Their mantra was and remains simple: leverage talent, don't micromanage it.
While the group performs a myriad of dev tasks, one example of an undertaking was the company's SCOPE product, or Server Check Optimization Performance Evaluation. This application-built in Cluj-examines the reliability of Windows 2000/2003 servers, existing as an automated data analysis solution that collects information on key app components to gauge the health of the server, its workload and bandwidth.
But, as is always the case in the competitive IT industry, Neverfail wasn't the only vendor luring and recruiting offshore development talent.
"One of our key eight was headhunted by Microsoft and flown to Redmond. We knew we weren't going to win that one," Robertson says. "He was a bright kid."
Geography LessonBefore committing to Cluj, Robertson and his colleagues weighed two other emerging IT hotbeds: India and Vietnam. Robertson had generated a lengthy wish list of locations for Neverfail's offshore development team, based on exhaustive discussions with colleagues, consultants, lawyers and clients. Three stood out-India, Vietnam and Romania-with Vietnam earning an early nod as the most appealing site.

Distance, time zones and travel costs played big roles during the decision-making process two years ago. Vietnam was dropped from consideration due to its remoteness and the "embryonic" nature of the Vietnamese economy. India's wealth of IT talent was no surprise to Robertson, but the country's red tape was. Legal parameters kept Neverfail from investing there.
"If you go to India, you can't set up your own company [according to law]. You need to have a jointly owned company," Robertson says. "There are enough horror stories out there of companies who set up with a partner and, suddenly, the money isn't there-nor is the partner."
Cluj, Romania, didn't have the name recognition of competing IT destinations, but within the walls of this city of 340,000 people Robertson spotted an intriguing mix of talented developers, a unique culture and an opportunity to play a remarkable role in the rebuilding nation. Robertson cited recruitment opportunities with 50,000 students citywide, including 12,000 enrolled at the Technical University of Cluj-Napoca.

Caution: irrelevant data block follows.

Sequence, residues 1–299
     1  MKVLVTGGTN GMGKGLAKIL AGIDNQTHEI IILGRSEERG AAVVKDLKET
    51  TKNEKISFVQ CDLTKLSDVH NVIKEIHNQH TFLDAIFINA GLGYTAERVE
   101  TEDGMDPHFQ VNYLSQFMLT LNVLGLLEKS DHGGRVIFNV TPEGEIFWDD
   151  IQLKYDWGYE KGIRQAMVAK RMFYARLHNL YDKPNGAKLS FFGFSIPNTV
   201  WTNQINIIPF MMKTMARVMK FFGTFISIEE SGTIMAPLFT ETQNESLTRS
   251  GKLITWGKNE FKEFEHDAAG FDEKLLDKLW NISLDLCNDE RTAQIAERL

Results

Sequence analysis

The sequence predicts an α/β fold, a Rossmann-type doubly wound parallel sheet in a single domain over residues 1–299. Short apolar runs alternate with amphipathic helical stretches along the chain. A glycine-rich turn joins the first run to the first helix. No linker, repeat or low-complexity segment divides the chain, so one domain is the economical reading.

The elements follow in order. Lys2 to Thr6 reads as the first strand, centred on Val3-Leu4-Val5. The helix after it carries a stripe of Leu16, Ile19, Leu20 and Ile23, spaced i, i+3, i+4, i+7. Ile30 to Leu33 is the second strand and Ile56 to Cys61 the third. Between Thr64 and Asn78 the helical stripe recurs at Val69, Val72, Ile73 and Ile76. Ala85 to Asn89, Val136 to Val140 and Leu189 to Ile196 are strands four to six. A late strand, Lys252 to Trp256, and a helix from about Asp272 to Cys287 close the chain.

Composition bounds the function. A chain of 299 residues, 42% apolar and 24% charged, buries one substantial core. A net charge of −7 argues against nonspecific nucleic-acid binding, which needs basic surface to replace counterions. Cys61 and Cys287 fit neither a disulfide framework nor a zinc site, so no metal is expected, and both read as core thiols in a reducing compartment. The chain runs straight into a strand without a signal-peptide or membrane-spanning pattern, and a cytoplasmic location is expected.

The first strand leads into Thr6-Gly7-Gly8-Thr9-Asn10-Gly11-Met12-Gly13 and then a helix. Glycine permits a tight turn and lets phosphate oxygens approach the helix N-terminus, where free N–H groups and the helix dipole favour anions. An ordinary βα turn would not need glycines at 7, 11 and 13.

Since schools began placing a stronger emphasis on English, the IT industry has taken notice. The city now plays host to more than 100 software companies. Robertson also found that the cost of office space in Cluj was an attractive bargain at 960 Euros, or roughly $1,200 U.S. It didn't take long for the move to pay dividends for Neverfail.

Expectations Assessed; Challenges LingerRobertson can't cite dollar figures but he estimates the Cluj transition has yielded a significant reduction in development costs, and the perks go well beyond the numbers on a spreadsheet. He credits low turnover and fervid attitudes for the bottom-line boost, which has enabled the company to focus on product marketing and U.S. expansion strategies. He says without the migration to Cluj, the business would be a year or two behind in growth-at least. And management also sees the move as a means of harnessing a global perspective on the industry.

"Our colleagues in Cluj have contributed quite a lot about the understanding of the different cultures and marketplaces we sell," says Anton. "It's helped us be more aware of our customers who are not English speakers."
But that doesn't mean the transition went without a hitch or two.
The frequency of power outages in Romania was unlike anything the company had experienced at the Austin-based headquarters or in Scotland. The occasional loss of bandwidth was another nuisance more commonplace than in the United States. And another example off an offbeat adjustment was tracking their trash. Romanian law requires that businesses officially stamp the paperwork of the privatized companies responsible for hauling commercial garbage.
Less quirky obstacles often resulted from labor laws, which were more "regimented" than Robertson expected. And should Romania join the European Union in 2007 (an issue he keeps a watchful eye on), new challenges would be inevitable.

While admittance into the European Union eases mobility and puts laws on par with those at Neverfail's Stirling office, it will impact Romania's currency, economy, labor laws and health care system-all elements likely to yield both positive and negative changes to the company's Cluj operations. But Robertson remains optimistic, and he attributes the success in Cluj to a few factors.
Management retention, he says, was paramount to the company, along with creating a work culture in which developers thrive. Their mantra was and remains simple: leverage talent, don't micromanage it. With the Cluj office now open for two years, Robertson believes that Neverfail made the right choice when it decided to open its own offshore office, rather than outsource the operation to a third company. Relinquishing autonomy, he says, is simply not the best alternative.
"I think when people purely outsource there are so many examples of where that didn't work," Robertson says. "Writing the check doesn't get the job done."

http://reddevnews.com/studies/article.aspx?editorialsid=100